Fast Common Gateway Interface

What Does Fast Common Gateway Interface Mean?

Fast Common Gateway Interface (FastCGI) is a standard protocol for interfacing external applications to Web servers. It is a feature-enhanced version of the existing standard Common Gateway Interface (CGI). FastCGI remains the preferred choice over CGI and other proprietary server application programming interfaces (APIs) because its features are fast, open and maintainable. However, FastCGI remains a proposed open standard and is not yet widely used.


Techopedia Explains Fast Common Gateway Interface

FastCGI extends and enhances the CGI model in several ways:

  • Applications may be written in any programming language
  • Supports process isolation so that a defective FastCGI application cannot crash or corrupt core servers or other applications
  • It is platform independent and not tied to any particular server architecture. Any Web server can implement a FastCGI interface.
  • Provides reliable performance and processes that can be used recurrently to handle multiple requests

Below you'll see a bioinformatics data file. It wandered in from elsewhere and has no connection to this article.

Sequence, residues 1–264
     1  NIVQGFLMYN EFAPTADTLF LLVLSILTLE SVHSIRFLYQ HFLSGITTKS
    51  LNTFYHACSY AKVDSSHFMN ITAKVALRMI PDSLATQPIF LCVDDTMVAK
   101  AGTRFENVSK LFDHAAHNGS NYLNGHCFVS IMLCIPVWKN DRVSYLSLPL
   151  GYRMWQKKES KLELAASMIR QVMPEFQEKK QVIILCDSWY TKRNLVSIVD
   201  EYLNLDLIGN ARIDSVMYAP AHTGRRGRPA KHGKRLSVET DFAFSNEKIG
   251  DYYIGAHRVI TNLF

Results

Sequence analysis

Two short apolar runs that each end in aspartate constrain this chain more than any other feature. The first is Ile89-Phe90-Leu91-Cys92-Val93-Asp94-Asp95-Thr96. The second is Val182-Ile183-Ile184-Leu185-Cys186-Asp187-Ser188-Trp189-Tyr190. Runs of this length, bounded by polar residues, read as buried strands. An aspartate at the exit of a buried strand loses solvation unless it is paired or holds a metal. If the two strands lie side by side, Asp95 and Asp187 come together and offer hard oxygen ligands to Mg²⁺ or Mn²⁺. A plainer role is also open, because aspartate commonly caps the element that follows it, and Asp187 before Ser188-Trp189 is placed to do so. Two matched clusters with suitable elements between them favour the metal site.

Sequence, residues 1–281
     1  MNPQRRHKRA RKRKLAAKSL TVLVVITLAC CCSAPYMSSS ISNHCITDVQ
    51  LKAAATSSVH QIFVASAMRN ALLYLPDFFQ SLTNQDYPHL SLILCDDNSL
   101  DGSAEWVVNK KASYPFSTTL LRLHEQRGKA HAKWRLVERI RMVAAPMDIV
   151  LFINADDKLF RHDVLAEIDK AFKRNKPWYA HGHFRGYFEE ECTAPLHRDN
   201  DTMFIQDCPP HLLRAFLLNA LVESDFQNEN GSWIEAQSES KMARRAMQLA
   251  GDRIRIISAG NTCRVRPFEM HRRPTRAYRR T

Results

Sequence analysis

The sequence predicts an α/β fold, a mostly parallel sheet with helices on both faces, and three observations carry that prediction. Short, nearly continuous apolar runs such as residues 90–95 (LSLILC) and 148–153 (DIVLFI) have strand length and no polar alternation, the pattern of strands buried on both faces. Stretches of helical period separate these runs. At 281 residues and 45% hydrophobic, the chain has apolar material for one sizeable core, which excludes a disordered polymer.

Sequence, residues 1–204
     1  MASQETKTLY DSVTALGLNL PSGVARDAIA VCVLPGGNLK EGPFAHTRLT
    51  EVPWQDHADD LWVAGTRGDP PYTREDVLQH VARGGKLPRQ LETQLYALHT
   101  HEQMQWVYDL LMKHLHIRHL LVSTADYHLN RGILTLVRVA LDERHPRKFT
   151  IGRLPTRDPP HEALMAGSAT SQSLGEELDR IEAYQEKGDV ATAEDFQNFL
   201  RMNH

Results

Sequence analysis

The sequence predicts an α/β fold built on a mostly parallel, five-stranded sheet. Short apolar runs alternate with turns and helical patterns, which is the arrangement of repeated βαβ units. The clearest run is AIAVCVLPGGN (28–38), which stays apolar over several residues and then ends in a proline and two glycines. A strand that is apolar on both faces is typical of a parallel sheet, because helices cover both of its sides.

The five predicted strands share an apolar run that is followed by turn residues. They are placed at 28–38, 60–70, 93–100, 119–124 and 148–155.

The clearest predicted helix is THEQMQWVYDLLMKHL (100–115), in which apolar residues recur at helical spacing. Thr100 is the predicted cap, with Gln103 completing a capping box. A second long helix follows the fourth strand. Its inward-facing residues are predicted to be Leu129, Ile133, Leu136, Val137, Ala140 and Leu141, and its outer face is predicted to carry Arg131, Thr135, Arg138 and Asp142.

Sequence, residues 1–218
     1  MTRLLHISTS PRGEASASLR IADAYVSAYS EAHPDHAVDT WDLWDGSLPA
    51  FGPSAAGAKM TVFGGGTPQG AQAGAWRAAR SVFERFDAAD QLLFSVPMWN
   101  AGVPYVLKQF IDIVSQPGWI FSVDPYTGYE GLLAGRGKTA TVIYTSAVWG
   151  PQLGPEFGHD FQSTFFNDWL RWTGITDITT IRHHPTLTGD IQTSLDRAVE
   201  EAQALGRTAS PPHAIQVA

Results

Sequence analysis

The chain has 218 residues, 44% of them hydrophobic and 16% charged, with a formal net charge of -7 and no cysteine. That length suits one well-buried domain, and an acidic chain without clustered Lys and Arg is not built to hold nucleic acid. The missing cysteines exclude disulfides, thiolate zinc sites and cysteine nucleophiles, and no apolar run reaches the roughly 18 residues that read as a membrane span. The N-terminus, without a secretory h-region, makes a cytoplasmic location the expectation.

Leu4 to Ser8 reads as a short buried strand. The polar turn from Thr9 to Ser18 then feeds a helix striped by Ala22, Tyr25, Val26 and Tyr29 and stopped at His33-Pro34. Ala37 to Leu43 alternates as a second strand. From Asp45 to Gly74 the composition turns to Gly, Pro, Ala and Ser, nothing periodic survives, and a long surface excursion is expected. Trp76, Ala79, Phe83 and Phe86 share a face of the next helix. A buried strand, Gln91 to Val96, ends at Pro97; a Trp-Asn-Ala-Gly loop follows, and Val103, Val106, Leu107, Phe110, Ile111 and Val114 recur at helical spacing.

• Migration from CGI is simple.
  • Supports distributed architecture
  • It is a nonproprietary, proposed open standard and developers are committed to open standardization. Thus, libraries and modules are freely available to popular and free Web servers.

FastCGI seems like the solution for all Web server issues. However, its applications have disadvantages, including:

  • Memory leaks may occur because FastCGI applications do not terminate after each Web server request.
  • Although FastCGI supports process isolation, it does not support request isolation. FastCGI applications handle complex multiple requests simultaneously. Thus, rather than isolating the defective request, all other requests also crash.
  • Writing multiplexing FastCGI applications is complex and time-consuming.

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Margaret Rouse

Margaret Rouse is an award-winning technical writer and teacher known for her ability to explain complex technical subjects to a non-technical, business audience. Over the past twenty years her explanations have appeared on TechTarget websites and she's been cited as an authority in articles by the New York Times, Time Magazine, USA Today, ZDNet, PC Magazine and Discovery Magazine.Margaret's idea of a fun day is helping IT and business professionals learn to speak each other’s highly specialized languages. If you have a suggestion for a new definition or how to improve a technical explanation, please email Margaret or contact her…